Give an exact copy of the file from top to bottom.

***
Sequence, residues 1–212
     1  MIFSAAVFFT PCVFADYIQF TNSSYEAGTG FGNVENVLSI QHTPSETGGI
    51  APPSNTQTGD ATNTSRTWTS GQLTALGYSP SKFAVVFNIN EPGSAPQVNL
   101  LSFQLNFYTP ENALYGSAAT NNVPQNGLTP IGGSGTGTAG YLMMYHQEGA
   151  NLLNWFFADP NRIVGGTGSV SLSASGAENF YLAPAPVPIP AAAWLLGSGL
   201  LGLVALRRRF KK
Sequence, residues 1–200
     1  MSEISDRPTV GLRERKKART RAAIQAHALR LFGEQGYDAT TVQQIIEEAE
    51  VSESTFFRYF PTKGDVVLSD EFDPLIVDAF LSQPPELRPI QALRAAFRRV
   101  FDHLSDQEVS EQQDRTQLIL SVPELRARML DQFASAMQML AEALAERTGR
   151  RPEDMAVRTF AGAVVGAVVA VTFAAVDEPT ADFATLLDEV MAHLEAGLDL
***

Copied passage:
Sequence, residues 1–212
     1  MIFSAAVFFT PCVFADYIQF TNSSYEAGTG FGNVENVLSI QHTPSETGGI
    51  APPSNTQTGD ATNTSRTWTS GQLTALGYSP SKFAVVFNIN EPGSAPQVNL
   101  LSFQLNFYTP ENALYGSAAT NNVPQNGLTP IGGSGTGTAG YLMMYHQEGA
   151  NLLNWFFADP NRIVGGTGSV SLSASGAENF YLAPAPVPIP AAAWLLGSGL
   201  LGLVALRRRF KK
Sequence, residues 1–200
     1  MSEISDRPTV GLRERKKART RAAIQAHALR LFGEQGYDAT TVQQIIEEAE
    51  VSESTFFRYF PTKGDVVLSD EFDPLIVDAF LSQPPELRPI QALRAAFRRV
   101  FDHLSDQEVS EQQDRTQLIL SVPELRARML DQFASAMQML AEALAERTGR
   151  RPEDMAVRTF AGAVVGAVVA VTFAAVDEPT ADFATLLDEV MAHLEAGLDL